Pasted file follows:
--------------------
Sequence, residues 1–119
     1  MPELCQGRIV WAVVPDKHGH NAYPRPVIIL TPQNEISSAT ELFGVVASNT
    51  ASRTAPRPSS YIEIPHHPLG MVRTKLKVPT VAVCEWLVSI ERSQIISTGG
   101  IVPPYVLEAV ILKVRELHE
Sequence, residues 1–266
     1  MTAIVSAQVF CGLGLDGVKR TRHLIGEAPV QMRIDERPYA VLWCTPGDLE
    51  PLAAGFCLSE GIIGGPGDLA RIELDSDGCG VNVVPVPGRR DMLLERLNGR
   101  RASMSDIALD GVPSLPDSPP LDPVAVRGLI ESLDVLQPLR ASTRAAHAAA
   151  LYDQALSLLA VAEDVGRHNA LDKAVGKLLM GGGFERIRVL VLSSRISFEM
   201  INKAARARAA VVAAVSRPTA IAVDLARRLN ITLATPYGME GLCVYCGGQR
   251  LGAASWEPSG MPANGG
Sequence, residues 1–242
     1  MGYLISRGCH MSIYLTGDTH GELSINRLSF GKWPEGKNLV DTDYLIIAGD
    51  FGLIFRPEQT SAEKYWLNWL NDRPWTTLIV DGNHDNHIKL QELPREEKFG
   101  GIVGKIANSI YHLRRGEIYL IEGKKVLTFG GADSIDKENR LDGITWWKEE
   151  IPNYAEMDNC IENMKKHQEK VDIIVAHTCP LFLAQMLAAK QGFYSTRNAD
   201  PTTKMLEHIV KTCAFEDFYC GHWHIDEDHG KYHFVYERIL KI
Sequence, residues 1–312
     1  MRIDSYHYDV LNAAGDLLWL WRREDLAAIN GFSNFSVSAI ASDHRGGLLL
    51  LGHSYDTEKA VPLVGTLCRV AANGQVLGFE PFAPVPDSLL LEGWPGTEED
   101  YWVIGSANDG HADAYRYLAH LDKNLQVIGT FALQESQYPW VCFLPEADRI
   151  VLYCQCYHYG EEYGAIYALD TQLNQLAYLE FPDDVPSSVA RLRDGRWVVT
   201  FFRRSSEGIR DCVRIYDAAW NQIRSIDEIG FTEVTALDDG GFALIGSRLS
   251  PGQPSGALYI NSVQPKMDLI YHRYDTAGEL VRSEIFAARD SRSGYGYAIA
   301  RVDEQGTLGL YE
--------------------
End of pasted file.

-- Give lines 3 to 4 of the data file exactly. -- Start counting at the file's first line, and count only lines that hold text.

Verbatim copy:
    51  ASRTAPRPSS YIEIPHHPLG MVRTKLKVPT VAVCEWLVSI ERSQIISTGG
   101  IVPPYVLEAV ILKVRELHE